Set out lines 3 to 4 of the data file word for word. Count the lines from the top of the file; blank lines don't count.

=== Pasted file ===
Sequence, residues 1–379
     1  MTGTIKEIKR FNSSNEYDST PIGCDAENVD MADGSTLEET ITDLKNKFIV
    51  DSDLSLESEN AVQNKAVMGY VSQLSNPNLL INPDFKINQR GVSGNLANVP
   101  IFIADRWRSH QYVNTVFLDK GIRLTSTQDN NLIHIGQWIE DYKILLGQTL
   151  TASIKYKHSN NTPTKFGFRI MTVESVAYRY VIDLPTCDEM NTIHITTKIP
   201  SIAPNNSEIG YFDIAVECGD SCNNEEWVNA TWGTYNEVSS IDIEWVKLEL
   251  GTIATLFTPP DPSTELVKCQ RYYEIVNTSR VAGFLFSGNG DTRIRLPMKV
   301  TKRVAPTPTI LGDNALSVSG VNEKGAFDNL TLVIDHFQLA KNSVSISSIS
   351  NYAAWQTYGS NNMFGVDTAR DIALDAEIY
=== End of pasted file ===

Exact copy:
    51  DSDLSLESEN AVQNKAVMGY VSQLSNPNLL INPDFKINQR GVSGNLANVP
   101  IFIADRWRSH QYVNTVFLDK GIRLTSTQDN NLIHIGQWIE DYKILLGQTL